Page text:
In this chapter, I will bring together, all that has been said before.
Let me start with a few general observations.
From Above or Below
The nib does not care in which way the ink arrives at the slit, from below the nib or the top.
In case the nib is attached to a fountain pen, the ink is offered from below, it bulges out of the capillary because it ends there and due to the weight of the hydrostatic column from the top of the ink level in the reservoir to this point, drawing 1. Since the width of the slit is narrower than the capillary. Once the connection is made, the slit’s capillary attraction forces pull the ink into the slit and to the tip.
When the nib is attached to a holder, the ink is brought to it through dipping the nib into a well. In regards to photo 1, I would like to draw your attention to the inwards curve of the tines… this reduces the pressure at the start of a line. See pressureless writing in the chapter Nib Mechanics. Whatever amount of ink adheres to the nib after dipping is what is available for writing.
In photo 2 and photo 3 you can see that the inside of the nib has been roughened. Its main reason is to de-burr the slit and the stamped hole. As a side-effect, the surface reaction between metal and ink changes, more specifically: to increase the contact angle and the adherence of ink. As a refresher, go to Surface Tension.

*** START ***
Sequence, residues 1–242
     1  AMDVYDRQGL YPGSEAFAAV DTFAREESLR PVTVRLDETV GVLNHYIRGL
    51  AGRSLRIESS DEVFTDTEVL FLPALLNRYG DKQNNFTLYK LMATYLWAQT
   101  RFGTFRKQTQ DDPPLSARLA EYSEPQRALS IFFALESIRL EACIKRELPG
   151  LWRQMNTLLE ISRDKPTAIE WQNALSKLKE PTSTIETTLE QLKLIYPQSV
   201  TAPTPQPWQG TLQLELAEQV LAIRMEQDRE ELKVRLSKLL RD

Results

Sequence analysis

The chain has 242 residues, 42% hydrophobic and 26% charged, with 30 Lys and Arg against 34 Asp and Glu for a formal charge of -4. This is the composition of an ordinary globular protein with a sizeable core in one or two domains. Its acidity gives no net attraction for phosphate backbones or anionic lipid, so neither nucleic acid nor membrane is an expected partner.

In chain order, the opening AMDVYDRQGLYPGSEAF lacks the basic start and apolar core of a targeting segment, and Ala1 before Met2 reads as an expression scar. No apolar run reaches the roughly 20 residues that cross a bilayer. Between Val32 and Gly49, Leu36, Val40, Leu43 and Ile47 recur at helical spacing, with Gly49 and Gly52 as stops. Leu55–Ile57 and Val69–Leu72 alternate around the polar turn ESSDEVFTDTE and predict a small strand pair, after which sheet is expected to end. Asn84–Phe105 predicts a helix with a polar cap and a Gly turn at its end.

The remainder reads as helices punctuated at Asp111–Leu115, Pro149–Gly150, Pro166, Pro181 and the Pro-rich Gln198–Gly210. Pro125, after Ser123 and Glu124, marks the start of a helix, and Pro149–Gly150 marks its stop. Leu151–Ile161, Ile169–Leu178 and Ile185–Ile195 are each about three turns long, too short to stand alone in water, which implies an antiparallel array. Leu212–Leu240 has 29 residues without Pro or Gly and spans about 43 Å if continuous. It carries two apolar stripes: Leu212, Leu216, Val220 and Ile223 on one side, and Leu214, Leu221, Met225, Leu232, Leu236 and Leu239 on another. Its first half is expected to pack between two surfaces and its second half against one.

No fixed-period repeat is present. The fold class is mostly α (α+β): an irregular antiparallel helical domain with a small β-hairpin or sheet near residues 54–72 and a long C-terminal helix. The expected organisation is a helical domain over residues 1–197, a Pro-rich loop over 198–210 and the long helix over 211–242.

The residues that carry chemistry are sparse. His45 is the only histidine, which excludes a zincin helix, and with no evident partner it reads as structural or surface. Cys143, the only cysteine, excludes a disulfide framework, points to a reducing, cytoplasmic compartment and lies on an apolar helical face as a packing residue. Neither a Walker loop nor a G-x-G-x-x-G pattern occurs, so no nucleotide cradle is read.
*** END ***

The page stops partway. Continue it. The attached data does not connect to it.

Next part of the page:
There is no need for this process, a clean tumbled finish is quite adequate.
In my early years of writing, I had been fascinated by the Gothic font. The line width varied between half a millimetre to 5 mm (for the hanging capitals at the front of a paragraph), and the ink was used up very quickly.
Some nibs for nib holders had a small clip-on reservoir attached to their tops (clip-on for easy cleaning), which was loaded with an eye dropper, similar as shown in photo 4. At its lower end, it had a beak, covering most of the length of the slit. This assured transport of the ink and prevented drying to some degree.
The capacity was around three drops, which supplied enough ink for filling a quarter of a page without interruption. I used it for calligraphy where writing five to seven letters, a complete word in one go, was a treat.